3
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I have the following arrays:

Array  (db_values)
(
[0] => Array
    (
        [system_name] => object_car_brand
        [value] => Alfa Romeo
        [id] => 136
    )

[1] => Array
    (
        [system_name] => object_car_model
        [value] => Spider
        [id] => 137
    )

)
Array (db_attributes)
(
[0] => Array
    (
        [id] => 105
        [system_name] => object_car_brand
    )

[1] => Array
    (
        [id] => 106
        [system_name] => object_car_model
    )

)

I combine these two using the following code:

       foreach($db_attributes as $db_attribute){
            foreach($db_values as $db_value){
                if($db_value["system_name"] === $db_attribute["system_name"]){
                    $update[$db_attribute["id"]] = $db_value["value"];
                }

            }

        }

I do not think that this is the most resource friendly way of doing it, is there a better way?

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3
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I have made the assumption that there is a 1:1 relationships between the $attributes and $values array elements. With that I mean the array key in the $attributes array corresponds with an entry in $values array.

If that is the case it can be reduced to one foreach loop by using the key from the attributes array:

$combined = []; // Make sure the $combined array exists.

foreach($attributes as $key => $attribute) {

    // First check if the array key exists and that the 'system_name' is the same
    if(array_key_exists($key, $values) && $attribute['system_name'] == $values[$key]['system_name']) {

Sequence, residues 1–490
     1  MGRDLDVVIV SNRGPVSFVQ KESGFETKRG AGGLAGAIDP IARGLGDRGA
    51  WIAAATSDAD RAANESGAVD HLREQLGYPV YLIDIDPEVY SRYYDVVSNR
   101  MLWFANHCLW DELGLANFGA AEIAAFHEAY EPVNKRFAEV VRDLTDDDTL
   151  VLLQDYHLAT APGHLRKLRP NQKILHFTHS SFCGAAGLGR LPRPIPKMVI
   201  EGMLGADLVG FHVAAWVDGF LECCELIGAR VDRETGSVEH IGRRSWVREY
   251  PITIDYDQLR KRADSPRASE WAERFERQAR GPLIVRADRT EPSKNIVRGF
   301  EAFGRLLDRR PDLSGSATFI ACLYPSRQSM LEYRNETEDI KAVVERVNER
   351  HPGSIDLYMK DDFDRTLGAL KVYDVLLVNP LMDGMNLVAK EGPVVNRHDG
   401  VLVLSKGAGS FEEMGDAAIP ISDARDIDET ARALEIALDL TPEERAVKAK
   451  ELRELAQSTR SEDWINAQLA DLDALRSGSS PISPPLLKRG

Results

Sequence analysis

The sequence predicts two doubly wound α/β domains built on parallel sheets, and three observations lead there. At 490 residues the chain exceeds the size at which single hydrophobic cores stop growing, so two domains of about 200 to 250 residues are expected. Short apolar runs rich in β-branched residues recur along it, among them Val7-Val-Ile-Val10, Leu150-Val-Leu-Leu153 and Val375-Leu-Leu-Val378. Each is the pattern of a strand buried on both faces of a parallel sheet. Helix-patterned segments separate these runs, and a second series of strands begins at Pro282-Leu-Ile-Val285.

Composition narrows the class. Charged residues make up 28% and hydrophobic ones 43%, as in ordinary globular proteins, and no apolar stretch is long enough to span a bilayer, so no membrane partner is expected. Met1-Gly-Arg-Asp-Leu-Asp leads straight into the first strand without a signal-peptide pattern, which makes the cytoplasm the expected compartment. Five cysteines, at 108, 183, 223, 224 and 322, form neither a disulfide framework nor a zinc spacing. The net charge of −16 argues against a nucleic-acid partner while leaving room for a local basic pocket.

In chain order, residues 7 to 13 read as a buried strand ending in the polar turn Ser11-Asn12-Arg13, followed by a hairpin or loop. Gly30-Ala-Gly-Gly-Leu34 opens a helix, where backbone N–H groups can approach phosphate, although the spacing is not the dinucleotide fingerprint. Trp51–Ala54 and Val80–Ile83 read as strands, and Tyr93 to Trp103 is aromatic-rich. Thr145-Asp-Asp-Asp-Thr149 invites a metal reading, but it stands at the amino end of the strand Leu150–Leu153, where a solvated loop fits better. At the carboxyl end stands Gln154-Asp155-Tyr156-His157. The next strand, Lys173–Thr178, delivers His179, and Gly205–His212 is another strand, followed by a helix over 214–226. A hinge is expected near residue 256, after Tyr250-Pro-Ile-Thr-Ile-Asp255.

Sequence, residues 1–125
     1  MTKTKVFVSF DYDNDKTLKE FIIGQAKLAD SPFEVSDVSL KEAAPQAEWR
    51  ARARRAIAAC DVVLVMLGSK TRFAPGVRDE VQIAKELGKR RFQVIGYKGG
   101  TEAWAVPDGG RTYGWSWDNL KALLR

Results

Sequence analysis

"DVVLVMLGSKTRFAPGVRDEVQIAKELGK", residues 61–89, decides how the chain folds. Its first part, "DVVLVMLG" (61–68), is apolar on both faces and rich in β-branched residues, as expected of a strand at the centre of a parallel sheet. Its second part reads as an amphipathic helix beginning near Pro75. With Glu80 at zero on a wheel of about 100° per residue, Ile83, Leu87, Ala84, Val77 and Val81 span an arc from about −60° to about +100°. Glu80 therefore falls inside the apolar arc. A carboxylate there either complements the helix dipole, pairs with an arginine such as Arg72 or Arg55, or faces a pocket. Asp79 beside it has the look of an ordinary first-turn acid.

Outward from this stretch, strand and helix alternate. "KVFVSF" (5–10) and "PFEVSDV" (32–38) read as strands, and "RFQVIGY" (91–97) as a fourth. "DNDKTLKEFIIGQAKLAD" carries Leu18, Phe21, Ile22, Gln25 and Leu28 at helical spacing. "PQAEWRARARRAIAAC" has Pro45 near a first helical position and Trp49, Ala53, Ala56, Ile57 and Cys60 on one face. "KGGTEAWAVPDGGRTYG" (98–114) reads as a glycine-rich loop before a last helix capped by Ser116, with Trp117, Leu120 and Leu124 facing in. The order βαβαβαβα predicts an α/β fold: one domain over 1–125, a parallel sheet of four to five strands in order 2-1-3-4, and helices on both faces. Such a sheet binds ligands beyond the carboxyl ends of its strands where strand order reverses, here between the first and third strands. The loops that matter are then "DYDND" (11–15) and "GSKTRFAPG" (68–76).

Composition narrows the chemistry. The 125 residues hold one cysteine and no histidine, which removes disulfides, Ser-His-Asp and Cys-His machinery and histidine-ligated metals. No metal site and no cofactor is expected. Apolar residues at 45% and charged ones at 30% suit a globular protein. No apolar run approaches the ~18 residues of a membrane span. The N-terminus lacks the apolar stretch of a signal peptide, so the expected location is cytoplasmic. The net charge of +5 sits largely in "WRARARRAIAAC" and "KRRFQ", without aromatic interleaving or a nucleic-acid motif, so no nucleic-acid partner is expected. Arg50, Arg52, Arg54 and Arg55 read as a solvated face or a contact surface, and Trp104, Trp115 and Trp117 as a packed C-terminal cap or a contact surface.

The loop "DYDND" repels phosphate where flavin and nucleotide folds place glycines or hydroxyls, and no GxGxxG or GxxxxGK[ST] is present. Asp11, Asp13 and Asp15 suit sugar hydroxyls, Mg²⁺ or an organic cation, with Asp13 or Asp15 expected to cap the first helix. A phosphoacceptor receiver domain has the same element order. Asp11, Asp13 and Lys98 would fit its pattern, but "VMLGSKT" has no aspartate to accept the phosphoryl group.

$combined[$attribute['id']] = $values[$key]['value'];

    }

}

This should produce the following array with the data you have provided:

Array(combined)
(
    [106] => 'Alfa Romeo' 
)

If my assumption is incorrect, then just ignore my answer.

| improve this answer | |
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  • \$\begingroup\$ Your assumption is correct, the outcome of combined array is indeed what I'm looking for! Thank you, this looks alot resourcefriendlier :) \$\endgroup\$ – Chilion Nov 20 '14 at 15:25
1
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If the $db_attributes array is very large, it would save quite a few cycles to normalize that array first.

// normalized attributes
$attributes = array();

// loop all attr results
foreach( $db_attributes as $db_attribute ) {
    // use system name as key
    $attributes[ $db_attribute['system_name'] ] = $db_attribute['id'];
}

// final results
$update = array();

// loop all value results
foreach( $db_values as $db_value ) {
    // check if value's system name exists in normalized attributes
    if ( isset( $attributes[ $db_value['system_name'] ] ) ){
        // yes, grab the id
        $attr_id = $attributes[ $db_value['system_name'] ]; 
        // add to update array using attr id as key
        $update[ $attr_id ] = $db_value['value'];
    }
}
| improve this answer | |
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  • \$\begingroup\$ This answer is correct and indeed alot better than what I have in my opening post. The reason I'm not using it is because the attributes array will never get larger than it is right now. Thank you for your hints! \$\endgroup\$ – Chilion Nov 20 '14 at 15:27
  • 2
    \$\begingroup\$ The top level keys of your arrays might be matching up by coincidence. Usually the top level keys from database results are ambiguous, so be careful. The author of the accepted answer also hinted at this. Thanks for the kind words :) \$\endgroup\$ – MrMaz Nov 20 '14 at 15:35

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